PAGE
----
The Shrine      

Jeff has a fantastic collection of Soapy Smith artifacts that he loves placing on display in his home. Jeff says his ex-wife often referred to his Soapy museum as "The Shrine" hence the name of this page.

Jeff's saloon

Jeff made a nice little saloon in his home in order to display some of his collection. On top of the bar at the left is an 1893 Three Jack-Pot slot machine made by the Clawson Machine Co. The player deposited a nickel in the top slot and pushed down on the plunger which dropped the coin inside a glassed playing field of pins on which the nickel bounced off of as it dropped. The nickel ended up in one of three square bins at the bottom. If the player was lucky enough that the nickle landed inside one of three slot openings located just above the bins then the player once again pushed down on the plunger thus opening the bin directly underneith sending the prize nickles out to the winner. Every push of the plunger also activated a small music box inside the machine that playing a little tune for each nickle. Jeff's father, John Randolph Smith purchased the slot machine from the well known Harriet Pullen auction in 1973. It now resides proudly in the Skagway City Museum.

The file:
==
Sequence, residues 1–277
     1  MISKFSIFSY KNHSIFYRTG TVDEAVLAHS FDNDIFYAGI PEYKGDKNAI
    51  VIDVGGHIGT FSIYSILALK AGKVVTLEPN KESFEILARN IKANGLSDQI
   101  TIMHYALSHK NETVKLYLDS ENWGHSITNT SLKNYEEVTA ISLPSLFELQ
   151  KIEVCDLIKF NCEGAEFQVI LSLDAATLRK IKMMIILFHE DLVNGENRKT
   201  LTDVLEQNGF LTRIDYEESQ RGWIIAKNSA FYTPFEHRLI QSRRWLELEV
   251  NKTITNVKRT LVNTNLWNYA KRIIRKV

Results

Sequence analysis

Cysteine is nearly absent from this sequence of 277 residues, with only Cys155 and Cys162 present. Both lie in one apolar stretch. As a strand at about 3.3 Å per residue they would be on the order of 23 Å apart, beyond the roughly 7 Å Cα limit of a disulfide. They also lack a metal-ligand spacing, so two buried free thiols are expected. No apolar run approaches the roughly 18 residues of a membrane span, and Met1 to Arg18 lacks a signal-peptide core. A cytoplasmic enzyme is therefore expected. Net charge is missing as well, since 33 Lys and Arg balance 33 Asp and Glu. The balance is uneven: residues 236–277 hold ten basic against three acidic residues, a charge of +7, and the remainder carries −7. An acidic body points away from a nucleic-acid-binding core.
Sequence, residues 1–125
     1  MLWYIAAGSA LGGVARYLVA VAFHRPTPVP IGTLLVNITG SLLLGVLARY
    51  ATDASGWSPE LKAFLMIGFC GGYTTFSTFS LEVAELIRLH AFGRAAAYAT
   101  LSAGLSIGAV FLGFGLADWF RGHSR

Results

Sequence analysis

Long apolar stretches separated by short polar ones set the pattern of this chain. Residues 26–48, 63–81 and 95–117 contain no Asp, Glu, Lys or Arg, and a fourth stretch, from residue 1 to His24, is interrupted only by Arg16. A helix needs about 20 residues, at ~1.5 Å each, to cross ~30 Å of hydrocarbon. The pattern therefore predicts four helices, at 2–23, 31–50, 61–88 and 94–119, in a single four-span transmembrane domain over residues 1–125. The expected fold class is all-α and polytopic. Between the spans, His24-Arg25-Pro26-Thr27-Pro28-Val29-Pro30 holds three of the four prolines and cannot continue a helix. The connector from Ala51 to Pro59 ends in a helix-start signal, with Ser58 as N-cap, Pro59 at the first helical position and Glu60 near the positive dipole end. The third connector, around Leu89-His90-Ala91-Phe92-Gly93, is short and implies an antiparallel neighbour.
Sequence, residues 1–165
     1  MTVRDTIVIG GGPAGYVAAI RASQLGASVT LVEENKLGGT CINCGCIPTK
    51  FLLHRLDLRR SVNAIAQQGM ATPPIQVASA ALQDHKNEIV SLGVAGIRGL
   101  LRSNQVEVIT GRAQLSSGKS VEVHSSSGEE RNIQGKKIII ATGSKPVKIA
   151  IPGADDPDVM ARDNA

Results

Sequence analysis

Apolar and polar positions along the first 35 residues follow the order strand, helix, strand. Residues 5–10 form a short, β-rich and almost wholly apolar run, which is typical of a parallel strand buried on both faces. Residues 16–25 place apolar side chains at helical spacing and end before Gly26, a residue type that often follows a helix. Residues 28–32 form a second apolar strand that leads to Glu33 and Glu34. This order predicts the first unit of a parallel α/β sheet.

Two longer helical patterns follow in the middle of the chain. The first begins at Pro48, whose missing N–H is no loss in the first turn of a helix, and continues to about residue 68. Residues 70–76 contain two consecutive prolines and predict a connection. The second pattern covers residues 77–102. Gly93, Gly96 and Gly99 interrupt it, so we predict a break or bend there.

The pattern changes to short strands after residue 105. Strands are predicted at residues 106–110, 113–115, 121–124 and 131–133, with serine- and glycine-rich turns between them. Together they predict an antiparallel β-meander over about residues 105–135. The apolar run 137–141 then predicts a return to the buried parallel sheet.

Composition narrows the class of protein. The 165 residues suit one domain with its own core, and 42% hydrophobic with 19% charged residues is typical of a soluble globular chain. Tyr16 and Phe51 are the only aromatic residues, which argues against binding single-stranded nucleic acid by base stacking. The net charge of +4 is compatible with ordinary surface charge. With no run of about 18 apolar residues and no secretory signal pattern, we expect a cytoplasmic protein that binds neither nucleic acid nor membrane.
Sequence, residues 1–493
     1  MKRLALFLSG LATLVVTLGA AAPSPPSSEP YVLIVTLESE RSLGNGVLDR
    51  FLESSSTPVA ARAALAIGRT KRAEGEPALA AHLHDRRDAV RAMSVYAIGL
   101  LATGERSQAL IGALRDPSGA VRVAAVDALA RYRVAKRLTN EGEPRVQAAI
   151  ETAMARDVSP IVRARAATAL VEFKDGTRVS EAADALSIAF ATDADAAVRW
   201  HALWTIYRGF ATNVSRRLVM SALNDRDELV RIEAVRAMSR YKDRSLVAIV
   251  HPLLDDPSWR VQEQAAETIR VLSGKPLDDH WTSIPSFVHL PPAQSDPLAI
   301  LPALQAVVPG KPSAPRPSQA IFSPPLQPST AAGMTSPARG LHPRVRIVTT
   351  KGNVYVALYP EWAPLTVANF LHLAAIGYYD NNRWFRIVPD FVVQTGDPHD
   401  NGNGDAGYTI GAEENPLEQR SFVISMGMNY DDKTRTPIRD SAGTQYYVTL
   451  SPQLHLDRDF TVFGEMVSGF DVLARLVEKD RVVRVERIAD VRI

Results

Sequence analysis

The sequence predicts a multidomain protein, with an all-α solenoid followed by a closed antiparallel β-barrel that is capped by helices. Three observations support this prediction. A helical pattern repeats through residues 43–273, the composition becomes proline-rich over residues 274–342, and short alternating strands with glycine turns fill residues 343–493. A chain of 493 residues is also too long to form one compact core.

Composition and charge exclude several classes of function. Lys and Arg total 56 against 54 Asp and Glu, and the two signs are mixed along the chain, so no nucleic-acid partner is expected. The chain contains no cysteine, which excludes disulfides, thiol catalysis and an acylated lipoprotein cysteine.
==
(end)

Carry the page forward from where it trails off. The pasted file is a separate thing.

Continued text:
On the right of the bar top is an 1895-1897 Decatur Fairest Wheel model 3. This is called a trade stimulator,
because they stimulated trade through the increased sale of cigars rather than pay off in cash as a slot machine does. The player dropped a nickel in a slot opening located on the top of the machine. The weight of the nickel as it rolled downward along the inside edge turned the wheel visible under the glass. All around the wheel are pins with numerals in between each pin. There are three of the numeral "2" and one of the numeral "3." The rest are "1's." The top has a small flag and what ever number lands under the flag, the player wins that many in cigars. Cigars were regularly five cents so a player could not lose. The player received at least one cigar for his nickel but took the chance at winning two or even three cigars for the price of one, thus the proprietor's trade was stimulated. 

The little arm you see at the far right of the photograph above belongs to Jeff's daughter, ever the ham Ashley had to get into the picture...somehow.


The following photographs are of Jeff's Soapy Smith collection. The little museum may have been small but it was packed with artifacts real museums can only dream of. Most of the items in the cases were owned by Soapy Smith.

Private_Soapy_Museum_1.jpg Private_Soapy_Museum_2.jpg




Jeffs_private_museum.jpg  Jeffs_Soapy_museum_5.jpg

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